Mumbai: Mukund Rajan is among a chosen few at Bombay House, headquarters of the Tata group, who has made a successful transition from being a member of the chairman’s office to first become a director and then, early last year, managing director of Tata Teleservices (Maharashtra) Ltd, or TTML. Rajan avoided the media until late last month when he launched a slew of ultra high-speed broadband solutions. Rajan believes that when number portability kicks in, Tata Teleservices Ltd (TTSL) and TTML will be ideally placed to benefit from the churn as subscribers move to better networks. Number portability offers consumers the choice of switching to another phone company while retaining the same phone number.
Rajan spoke to Mint at TTML’s Navi Mumbai headquarters. Edited excerpts:
By the time you launch GSM (global system for mobile, a cellular phone technology) services, many of the new telecom licensees will have launched services in your circle. Won’t the market be taken by then?
True, we are late entrants in the GSM space. But the good news is that the market is still growing. It may not be so much, going forward, in metros such as Mumbai as they are getting saturated, but (in) semi-urban and rural parts of the country, including Maharashtra, the teledensity in last year alone has grown 10%. A lot of opportunity is still available. It is never too late.
Expressing confidence: Rajan says that though TTSL and TTML are late entrants in the GSM space, the good news is that the market is still growing and there is still a lot of opportunity. Ashesh Shah / Mint
But is there a market waiting for you in Mumbai?
The price-conscious segment of the market has caught on to the fact that there are different schemes at different times from different operators and so they have embraced this multiple SIM (Subscriber Identity Module) logic. Some months back, I was in Srisailam (in Andhra Pradesh) and I met this guy who lifts loads, who could have been earning Rs2,500-3,000 a month, and he had the latest Chinese (handset) which is dual SIM…and he had four SIM cards and he uses whichever service is giving him the best deal for the week or for the month.
Is this a new trend, to own multiple SIMs from different service providers?
After the shift to lifetime prepaid, people are no longer worried about losing validity. It is typically six month recharge for lifetime validity. Thus it almost becomes a commodity product like sachet packs in detergents etc: wash and move on. The same way, you use one operator’s product and move on. So even in metros, I don’t think growth is necessarily going to stop.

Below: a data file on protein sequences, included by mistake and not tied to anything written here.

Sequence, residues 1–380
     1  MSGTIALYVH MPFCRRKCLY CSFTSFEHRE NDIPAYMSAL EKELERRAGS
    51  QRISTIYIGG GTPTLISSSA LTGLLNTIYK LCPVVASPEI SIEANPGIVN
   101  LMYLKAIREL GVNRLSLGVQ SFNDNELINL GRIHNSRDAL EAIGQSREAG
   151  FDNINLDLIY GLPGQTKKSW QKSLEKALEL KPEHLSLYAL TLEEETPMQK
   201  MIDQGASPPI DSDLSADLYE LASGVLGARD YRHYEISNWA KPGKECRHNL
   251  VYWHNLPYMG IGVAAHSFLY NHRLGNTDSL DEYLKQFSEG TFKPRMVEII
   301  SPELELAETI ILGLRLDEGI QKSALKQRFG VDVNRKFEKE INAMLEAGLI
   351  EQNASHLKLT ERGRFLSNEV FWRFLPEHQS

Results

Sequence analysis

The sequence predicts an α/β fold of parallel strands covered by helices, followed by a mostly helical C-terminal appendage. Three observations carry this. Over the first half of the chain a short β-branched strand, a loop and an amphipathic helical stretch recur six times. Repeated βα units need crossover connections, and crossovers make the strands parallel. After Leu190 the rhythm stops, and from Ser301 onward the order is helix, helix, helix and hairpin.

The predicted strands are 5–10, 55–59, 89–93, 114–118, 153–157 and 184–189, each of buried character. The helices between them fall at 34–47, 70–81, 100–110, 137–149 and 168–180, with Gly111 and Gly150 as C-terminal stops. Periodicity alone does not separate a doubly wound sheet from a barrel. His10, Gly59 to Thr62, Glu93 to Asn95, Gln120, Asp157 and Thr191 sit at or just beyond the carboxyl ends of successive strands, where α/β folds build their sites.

Even in metros like Mumbai, where there is 95% teledensity, there are new subscribers coming in...and these are owning multiple SIM cards. So even as teledensity saturates, it will slow down, but I don’t think growth will cease.
In such a scenario, what does an operator typically do?
Operators will start to look at extracting more from existing customers when teledensity starts to peak. Focus will be on value-added usage. The only big shift that could happen now is when 3G services (third-generation) are launched and mobile number portability comes into play. Those two events could see some amount of churn. So while growth in volumes is not sustainable, there is bound to be a shift between operators.
Can you comment on the markets expansion?
It hasn’t expanded that much. It might be some rotational churn by subscribers who have connections not giving up the existing service provider but have embraced a new service because they notice some value on the table. Subscribers are quick to grasp such opportunities. Though the sustainability of those customers is obviously a question mark.
What is your strategy in this context?
It is in the GSM space where this SIM-based game is played more frequently. In the CDMA space, typically the hand device is unique to the network so it is little harder to play the game. For our GSM strategy, you’ll have to wait and watch.
How soon can you launch GSM services?